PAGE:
Pillow Thought

a moment—
I had one

the walls of present-
future-past melted
into the aging skin
that drapes my skull

the thing I thought oblivion
became the everlasting and
all was moisture and body-heat—
love, compressed into temperature

the discordant many-voice these
ears have known, familiar-drifted
like dinghies in a passing mist—
rudderless creations, forever bobbing

strained through a lead crystal
colander, dripping out the holes,
emerging as streams of light-catching
prisms, projecting in full-spectrum color

life seemed a speck
as I fell into a white
space, without dimension
engulfed in dust-devil
energy ribbons—kinesis

five senses, my departing lovers
smiling, hand-combing tousled hair
under the discovery of dawn, and I hear
the thump of their feet down the stairs

and the courteous shutting of the
                                                               front door

they are callers with tangled
string—each afloat like kites
given to ficklest winds, knotted
up in high, dead branches

all experience—taste
smell, thought, touch
the muddled haze of after-sex
and my always nagging wanderlust



a knowing without words
and a feeling lacking expression, a
comforting blankness of All that
I would never name 'love'

neither was it a kind of peace—
indeed, no word has been or
yet will be invented to be
spoken by tender lips of any shade

I am before my
birth, and beyond
my death, and I
feel it all collide into


I think it's called


19 thoughts on “Pillow Thought”

  1. “life seemed a speck … as I fell into a white space, without dimension” – Love that. I’ve felt as though I am a bit nebulous of late… my self examination, reflection on past lovers and friends, current people in my life. I’m hopeful… and I feel like your conclusion captures that for me.

    Liked by 1 person

    1. Wonderful. Thank you so much. The world is in flux, indeed, from the macro to the micro, I think. A little fundamental reevaluation is in order. Maybe fling open the closet doors, air them out, and beat the dust from our old clothes?

      Liked by 1 person

  2. First of all, I really like your recent renovation of the site design, it is very well done, so subtly elegant and very professional. The poem is very touchingly abstract and wistful; you paint with words to great effect. Moreover, this new site design serves as an excellent canvas, less restrictive than the old design. Great work!

    Liked by 1 person

    1. Thanks, Brian! I do have a penchant for minimalist aesthetics—it even carries over to the way I decorate my home space. I’m happy that you noticed. It’s one of the ‘canned’ site designs, but I did some tweaking of the fonts and layout. I’m happy with it. Less distraction from the text, I think.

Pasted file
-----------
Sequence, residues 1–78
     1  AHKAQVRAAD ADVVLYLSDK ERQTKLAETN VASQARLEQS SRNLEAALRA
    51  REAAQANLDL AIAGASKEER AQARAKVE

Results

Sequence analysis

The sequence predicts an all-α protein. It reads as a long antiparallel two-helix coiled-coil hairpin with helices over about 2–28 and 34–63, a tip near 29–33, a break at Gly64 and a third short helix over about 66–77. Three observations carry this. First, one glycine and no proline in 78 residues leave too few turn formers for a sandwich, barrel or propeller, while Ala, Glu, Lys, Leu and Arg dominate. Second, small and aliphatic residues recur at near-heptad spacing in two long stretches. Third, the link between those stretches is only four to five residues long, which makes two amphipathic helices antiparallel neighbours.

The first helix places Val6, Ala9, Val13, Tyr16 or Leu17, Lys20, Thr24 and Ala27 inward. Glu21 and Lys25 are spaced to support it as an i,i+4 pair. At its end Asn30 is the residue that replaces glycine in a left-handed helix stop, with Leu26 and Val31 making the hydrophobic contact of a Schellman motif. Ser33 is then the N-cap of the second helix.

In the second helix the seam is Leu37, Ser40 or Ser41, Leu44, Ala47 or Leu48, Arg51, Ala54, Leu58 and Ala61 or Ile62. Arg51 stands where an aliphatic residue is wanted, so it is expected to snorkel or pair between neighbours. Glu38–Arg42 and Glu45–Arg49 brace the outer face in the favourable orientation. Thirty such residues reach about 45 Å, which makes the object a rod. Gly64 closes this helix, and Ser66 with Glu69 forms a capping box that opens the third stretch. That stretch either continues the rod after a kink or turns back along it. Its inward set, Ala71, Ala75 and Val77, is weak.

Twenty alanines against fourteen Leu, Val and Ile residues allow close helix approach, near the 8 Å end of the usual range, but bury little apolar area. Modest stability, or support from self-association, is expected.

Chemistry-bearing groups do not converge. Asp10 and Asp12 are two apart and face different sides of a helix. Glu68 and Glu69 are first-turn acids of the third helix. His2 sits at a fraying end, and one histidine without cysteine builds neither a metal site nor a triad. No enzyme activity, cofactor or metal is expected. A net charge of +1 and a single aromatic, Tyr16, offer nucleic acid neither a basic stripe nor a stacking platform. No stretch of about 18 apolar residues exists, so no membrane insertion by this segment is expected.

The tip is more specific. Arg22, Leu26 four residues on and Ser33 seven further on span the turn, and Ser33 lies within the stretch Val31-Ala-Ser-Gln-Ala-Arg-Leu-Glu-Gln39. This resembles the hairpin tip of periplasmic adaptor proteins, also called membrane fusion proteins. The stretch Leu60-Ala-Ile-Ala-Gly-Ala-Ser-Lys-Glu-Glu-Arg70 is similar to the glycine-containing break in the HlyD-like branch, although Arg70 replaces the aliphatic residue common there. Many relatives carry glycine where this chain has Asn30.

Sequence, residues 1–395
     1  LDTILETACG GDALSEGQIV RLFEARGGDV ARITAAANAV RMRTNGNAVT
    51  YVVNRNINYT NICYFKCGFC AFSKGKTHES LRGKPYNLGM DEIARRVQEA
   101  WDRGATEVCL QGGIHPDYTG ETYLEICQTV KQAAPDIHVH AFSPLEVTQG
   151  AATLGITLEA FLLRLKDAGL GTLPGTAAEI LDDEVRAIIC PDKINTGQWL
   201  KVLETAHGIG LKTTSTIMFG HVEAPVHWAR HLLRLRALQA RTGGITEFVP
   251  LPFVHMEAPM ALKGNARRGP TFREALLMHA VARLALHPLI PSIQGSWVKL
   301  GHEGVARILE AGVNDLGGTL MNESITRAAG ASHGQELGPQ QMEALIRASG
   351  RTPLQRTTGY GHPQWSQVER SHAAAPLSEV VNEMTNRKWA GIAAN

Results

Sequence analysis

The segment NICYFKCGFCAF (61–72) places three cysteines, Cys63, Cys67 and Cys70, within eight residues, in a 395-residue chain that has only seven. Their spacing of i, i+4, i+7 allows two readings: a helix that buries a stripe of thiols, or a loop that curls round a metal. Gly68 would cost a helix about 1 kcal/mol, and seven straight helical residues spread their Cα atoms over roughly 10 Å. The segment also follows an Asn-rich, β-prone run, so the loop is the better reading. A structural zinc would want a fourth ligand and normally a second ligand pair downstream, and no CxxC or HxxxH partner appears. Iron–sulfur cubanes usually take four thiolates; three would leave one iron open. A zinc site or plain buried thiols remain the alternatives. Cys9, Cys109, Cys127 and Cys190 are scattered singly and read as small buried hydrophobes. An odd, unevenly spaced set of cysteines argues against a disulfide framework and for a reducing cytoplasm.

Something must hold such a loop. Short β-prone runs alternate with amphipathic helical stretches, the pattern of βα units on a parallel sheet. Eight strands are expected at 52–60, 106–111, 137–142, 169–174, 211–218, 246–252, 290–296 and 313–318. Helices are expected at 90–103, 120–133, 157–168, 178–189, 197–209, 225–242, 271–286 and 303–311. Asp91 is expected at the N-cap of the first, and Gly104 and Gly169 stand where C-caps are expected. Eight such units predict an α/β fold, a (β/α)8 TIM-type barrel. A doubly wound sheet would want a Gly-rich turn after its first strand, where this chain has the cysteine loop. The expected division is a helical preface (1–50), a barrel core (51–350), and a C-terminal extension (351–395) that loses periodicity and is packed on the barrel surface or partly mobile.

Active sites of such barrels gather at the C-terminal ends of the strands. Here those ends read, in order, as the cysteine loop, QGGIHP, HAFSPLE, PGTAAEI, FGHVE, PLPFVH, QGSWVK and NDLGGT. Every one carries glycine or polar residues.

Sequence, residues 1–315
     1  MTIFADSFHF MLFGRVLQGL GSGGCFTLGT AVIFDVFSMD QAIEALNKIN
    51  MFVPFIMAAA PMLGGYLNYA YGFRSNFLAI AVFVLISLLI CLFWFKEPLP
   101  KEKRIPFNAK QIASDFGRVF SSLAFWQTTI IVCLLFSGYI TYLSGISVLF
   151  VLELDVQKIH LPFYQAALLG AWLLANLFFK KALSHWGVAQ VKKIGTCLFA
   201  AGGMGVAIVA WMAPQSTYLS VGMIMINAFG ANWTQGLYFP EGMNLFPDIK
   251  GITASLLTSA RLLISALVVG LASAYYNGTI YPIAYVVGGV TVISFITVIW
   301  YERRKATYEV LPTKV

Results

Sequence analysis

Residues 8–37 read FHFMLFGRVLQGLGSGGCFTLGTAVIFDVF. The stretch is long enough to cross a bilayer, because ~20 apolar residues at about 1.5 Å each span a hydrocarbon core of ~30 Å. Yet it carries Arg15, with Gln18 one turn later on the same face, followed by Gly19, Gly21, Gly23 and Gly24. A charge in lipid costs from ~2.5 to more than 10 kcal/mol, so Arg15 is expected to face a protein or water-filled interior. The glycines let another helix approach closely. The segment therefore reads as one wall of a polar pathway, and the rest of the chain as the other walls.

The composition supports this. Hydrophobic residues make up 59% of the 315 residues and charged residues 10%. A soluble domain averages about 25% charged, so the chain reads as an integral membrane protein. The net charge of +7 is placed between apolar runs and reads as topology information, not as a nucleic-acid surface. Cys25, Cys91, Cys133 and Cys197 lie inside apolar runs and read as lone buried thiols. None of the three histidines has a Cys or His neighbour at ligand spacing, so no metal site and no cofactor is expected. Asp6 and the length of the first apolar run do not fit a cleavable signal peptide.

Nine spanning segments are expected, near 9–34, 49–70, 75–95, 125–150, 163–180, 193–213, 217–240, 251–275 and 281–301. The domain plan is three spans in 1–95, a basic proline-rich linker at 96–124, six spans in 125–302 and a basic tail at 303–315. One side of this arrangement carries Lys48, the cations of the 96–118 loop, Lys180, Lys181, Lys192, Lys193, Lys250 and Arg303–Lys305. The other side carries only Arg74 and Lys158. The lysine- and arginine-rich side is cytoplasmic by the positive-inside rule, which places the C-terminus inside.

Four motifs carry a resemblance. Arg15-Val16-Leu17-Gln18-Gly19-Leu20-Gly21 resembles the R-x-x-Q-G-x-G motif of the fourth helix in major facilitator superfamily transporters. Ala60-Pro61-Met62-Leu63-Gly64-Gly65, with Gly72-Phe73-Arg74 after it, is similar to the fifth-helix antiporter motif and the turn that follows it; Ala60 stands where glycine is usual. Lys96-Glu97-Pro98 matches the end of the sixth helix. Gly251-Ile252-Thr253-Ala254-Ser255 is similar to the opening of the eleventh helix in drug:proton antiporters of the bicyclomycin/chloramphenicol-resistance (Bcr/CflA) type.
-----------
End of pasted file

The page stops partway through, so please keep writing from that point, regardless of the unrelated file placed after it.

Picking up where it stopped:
To the poem: I felt it was time for an abstract bit. Not everything can be a masterpiece, and that’s not what I’m trying for here. A lot’s going on in my personal life and writing has become more difficult. This was an attempt to uncork the bottle.

      I still can’t believe you brought up Gattaca. No one I’ve encountered—aside from my late brother—has ever mentioned an appreciation for (or even claimed to have knowledge of) that film.

      Liked by 1 person

      1. You’re welcome! I too am amazed at our mutual interest in the movie, in fact, I consider it my favorite movie of all time. Certainly a very under appreciated masterpiece. Moreover, like you, I am also very partial towards minimalism, and I especially admire the works of Tadao Ando ( Benesse Island Art park)

        I recommend you check out the Salk Institute, it is a stunning example of modern/minimalist architecture built by Louis Khan and mirrors the architecture of Gattaca. If you ever get the chance to go to La Jolla, you should give it a visit. Moreover, you might enjoy the works of Olson Kundig.

        As for this poem, I consider it to be an excellent example of your wonderful and creative poetic acumen. Also, I have noticed that the last few months have proved a sort of literary Renaissance for not just you and me, but for a lot of people I know. Its amazing how fast progress happens when it does happen.

        Someone once told men that you can’t write an odyssey without experiencing an odyssey, so I feel your accumulated experiences will lead you to write something epic and defining sooner or later. You have certainly have the depth, vision and skill to do so.

        Liked by 1 person

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